Media are social actors: Individuals' social responses to social robots and mobile phones
Committee memberMorris, Nancy, 1953-
Zhao, Shanyang, 1957-
DepartmentMedia & Communication
Computers Are Social Actors
Permanent link to this recordhttp://hdl.handle.net/20.500.12613/3871
MetadataShow full item record
AbstractThe Computers are Social Actors (CASA) paradigm was proposed more than two decades ago to understand humans’ interaction with computer technologies. Today, as emerging media technologies including social robots and smartphones become more personal and persuasive, questions of how users respond to them socially, what individual factors leverage the relationship, and what constitutes the social influence of these technologies need to be addressed. As an expansion of the CASA paradigm, the Media are Social Actors (MASA) paradigm was applied in the current dissertation to understand users’ social perception, social attitudes, and social behavior in their interactions with humanoid social robots and smartphones. Two lab experiments with between-subjects factorial design were conducted. A total of 110 participants were asked to interact with a humanoid social robot and a smartphone respectively in a socio-emotional context and a task-oriented context. Four pairs of social cues were compared to understand their influence on users’ anthropomorphism of the technologies. Multivariate analyses and textual analyses were conducted. Results suggested that users developed more trust in the social robot with a human voice than with a synthetic voice. Users also developed more intimacy and more interest in the social robot when the robot was paired with humanlike gestures. However, individual differences such as users’ attitudes toward robots, robot use experiences, and suspension of disbelief affected users’ psychological responses to the social robot. Although users’ responses to the smartphone did not vary based on the language styles and the modalities, factors such as individuals’ intensive smartphone use, mobile use habits, and their source orientation and re-orientation moderated the social influence of the smartphone. The dissertation has theoretical value in expanding the CASA paradigm to social robots and smartphones. It also tests the validity of the propositions of the MASA paradigm. The results can lead to more comprehensive, nuanced, and exciting discoveries of the social implications, ethical implications, and practical guides of using these emerging media technologies in the future.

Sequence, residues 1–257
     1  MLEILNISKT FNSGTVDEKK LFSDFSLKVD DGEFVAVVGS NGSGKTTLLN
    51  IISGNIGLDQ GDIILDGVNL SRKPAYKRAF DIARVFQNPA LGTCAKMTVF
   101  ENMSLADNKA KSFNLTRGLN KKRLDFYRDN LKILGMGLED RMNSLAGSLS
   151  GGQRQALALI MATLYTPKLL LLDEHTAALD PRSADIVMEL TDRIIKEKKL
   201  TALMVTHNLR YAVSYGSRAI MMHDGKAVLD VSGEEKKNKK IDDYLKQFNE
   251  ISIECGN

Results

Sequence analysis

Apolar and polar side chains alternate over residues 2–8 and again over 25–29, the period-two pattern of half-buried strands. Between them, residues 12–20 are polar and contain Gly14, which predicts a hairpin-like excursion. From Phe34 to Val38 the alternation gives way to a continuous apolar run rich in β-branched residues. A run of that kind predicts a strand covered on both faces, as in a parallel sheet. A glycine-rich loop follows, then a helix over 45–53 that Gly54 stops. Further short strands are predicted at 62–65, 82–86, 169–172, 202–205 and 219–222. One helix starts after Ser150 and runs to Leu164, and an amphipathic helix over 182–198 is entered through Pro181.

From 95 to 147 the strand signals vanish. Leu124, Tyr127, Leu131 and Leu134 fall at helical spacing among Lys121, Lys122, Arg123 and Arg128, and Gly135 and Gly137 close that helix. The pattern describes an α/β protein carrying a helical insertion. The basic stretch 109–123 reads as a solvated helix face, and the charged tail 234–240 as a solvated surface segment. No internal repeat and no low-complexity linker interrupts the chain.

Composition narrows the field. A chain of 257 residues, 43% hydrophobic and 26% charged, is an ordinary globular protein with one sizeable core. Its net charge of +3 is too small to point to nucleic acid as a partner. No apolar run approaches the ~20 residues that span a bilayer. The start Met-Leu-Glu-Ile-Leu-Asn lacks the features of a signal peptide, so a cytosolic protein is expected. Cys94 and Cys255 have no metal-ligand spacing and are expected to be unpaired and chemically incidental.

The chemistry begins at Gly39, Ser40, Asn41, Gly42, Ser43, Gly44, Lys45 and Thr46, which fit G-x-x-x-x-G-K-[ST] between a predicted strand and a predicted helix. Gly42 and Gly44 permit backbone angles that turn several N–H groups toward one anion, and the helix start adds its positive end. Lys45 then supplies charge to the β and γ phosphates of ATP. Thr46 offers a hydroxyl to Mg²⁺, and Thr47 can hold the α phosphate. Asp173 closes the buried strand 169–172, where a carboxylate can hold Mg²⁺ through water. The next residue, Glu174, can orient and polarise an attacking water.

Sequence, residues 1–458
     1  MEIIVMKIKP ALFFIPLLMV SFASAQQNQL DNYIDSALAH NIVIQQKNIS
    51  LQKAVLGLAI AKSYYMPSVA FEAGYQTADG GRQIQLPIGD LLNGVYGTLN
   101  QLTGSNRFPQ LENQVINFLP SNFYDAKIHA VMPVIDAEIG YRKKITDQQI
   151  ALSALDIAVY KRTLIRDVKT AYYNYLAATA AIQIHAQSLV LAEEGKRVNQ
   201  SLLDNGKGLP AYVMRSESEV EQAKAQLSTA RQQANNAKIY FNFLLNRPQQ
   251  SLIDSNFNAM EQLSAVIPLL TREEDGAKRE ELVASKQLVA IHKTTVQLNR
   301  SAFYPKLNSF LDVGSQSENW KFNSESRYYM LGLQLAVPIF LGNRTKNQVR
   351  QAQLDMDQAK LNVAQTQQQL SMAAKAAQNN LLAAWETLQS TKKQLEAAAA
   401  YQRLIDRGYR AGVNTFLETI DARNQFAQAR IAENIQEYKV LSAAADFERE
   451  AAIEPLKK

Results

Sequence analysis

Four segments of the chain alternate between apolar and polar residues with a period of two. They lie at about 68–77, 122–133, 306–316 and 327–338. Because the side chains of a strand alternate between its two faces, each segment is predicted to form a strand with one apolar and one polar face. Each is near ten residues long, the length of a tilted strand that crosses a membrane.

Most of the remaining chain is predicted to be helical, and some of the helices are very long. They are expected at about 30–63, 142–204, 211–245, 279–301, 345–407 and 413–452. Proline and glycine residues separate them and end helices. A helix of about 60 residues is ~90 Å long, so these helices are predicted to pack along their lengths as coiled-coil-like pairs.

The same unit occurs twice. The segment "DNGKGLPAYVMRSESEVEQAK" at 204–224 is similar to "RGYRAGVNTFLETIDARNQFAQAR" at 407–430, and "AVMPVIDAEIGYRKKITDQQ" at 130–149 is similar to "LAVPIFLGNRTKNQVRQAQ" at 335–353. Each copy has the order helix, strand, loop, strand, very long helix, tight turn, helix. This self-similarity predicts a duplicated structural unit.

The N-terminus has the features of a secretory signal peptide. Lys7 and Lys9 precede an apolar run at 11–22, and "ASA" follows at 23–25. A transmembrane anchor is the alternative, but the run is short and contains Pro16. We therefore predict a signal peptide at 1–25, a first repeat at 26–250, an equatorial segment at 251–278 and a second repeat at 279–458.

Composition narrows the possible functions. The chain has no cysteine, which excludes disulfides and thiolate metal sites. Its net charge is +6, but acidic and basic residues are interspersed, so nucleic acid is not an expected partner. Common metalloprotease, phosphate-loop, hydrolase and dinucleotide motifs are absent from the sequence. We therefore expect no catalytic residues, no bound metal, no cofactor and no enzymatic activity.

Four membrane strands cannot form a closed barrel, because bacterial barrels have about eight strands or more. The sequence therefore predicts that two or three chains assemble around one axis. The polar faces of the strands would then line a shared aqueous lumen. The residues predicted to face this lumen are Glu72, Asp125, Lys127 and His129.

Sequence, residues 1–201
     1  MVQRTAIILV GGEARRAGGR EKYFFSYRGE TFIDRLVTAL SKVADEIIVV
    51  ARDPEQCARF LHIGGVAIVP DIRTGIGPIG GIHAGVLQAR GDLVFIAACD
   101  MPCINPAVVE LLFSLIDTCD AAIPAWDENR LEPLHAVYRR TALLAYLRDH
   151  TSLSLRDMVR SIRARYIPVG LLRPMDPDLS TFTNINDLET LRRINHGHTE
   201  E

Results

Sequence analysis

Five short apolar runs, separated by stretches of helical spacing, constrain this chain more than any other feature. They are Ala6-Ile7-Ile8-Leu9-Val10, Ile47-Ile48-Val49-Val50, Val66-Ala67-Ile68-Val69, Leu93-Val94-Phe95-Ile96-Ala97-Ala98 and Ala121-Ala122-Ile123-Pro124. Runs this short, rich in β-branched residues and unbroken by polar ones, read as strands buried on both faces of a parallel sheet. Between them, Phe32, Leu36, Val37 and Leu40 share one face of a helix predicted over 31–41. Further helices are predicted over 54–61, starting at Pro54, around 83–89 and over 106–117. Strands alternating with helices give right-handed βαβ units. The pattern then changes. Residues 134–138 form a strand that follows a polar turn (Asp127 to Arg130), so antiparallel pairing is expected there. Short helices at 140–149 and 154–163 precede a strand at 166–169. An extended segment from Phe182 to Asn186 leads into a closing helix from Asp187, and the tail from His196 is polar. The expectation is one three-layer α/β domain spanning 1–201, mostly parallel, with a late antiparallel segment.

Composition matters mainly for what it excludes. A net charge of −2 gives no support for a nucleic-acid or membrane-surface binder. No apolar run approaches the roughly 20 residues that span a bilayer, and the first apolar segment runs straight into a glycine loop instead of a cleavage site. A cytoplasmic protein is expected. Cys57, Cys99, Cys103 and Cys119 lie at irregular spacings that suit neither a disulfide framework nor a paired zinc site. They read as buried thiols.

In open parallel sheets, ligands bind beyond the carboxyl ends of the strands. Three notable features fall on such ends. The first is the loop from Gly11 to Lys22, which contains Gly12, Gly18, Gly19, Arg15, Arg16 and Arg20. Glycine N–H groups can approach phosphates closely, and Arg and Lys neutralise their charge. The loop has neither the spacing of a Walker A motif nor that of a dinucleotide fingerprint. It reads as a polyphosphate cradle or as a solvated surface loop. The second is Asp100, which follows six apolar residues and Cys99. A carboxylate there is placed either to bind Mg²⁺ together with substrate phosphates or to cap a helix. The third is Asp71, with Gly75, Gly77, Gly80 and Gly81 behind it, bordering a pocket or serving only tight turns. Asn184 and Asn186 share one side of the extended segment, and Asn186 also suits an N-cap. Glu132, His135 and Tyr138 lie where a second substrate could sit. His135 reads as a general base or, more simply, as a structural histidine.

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Social Anxiety in Context: The Effects of Social StructureHeimberg, Richard G.; Alloy, Lauren B.; Johnson, Kareem; Giovannetti, Tania; Weisberg, Robert W.; Chen, Eunice Y. (Temple University. Libraries, 2015)Person-environment interactions are the rule, not only for development but also for moment-to-moment experience. Knowledge about environmental influences on the manifestation of psychological symptoms is an important area of research, particularly with regard to social anxiety where symptoms vary dramatically depending on the social context. Like other forms of anxiety, social anxiety is thought to have evolved to help us pay attention to, assess, and respond to potential (in this case, intra-species) threats. The current study was based on (1) the theoretical proposition that social anxiety represents an adaptation to hierarchical, or agonic, modes of social organization; (2) the observation that in the non-hierarchical hedonic systems seen in some of our closest primate relatives, submissiveness is not required for group functioning, and (3) more recent empirical data showing that social anxiety symptoms are dependent on contextual factors. The current study integrated these three ideas and examined whether participating in a hedonic system, as compared to an agonic system, diminishes social anxiety, and whether social context moderates the relationship between trait social anxiety and activation of state anxiety. Participants of all different levels of trait social anxiety were randomly assigned to play a group game, the context and rules of which were consistent with either agonic or hedonic social structures. Self-reported anxiety and behaviors associated with social anxiety were then measured. Results from the experiment were mixed, sometimes seemingly conflicting, and therefore difficult to interpret. The more hierarchical, agonic social system was associated with higher anxious affect. However, the type of social system did not appear to affect self-reported submissive behavior, social comparison, or social behavior. Additionally, experimental condition did not moderate the effect of trait social anxiety on these variables. Although our findings were mixed, they hint at the role of social structure in the activation of anxious affect.
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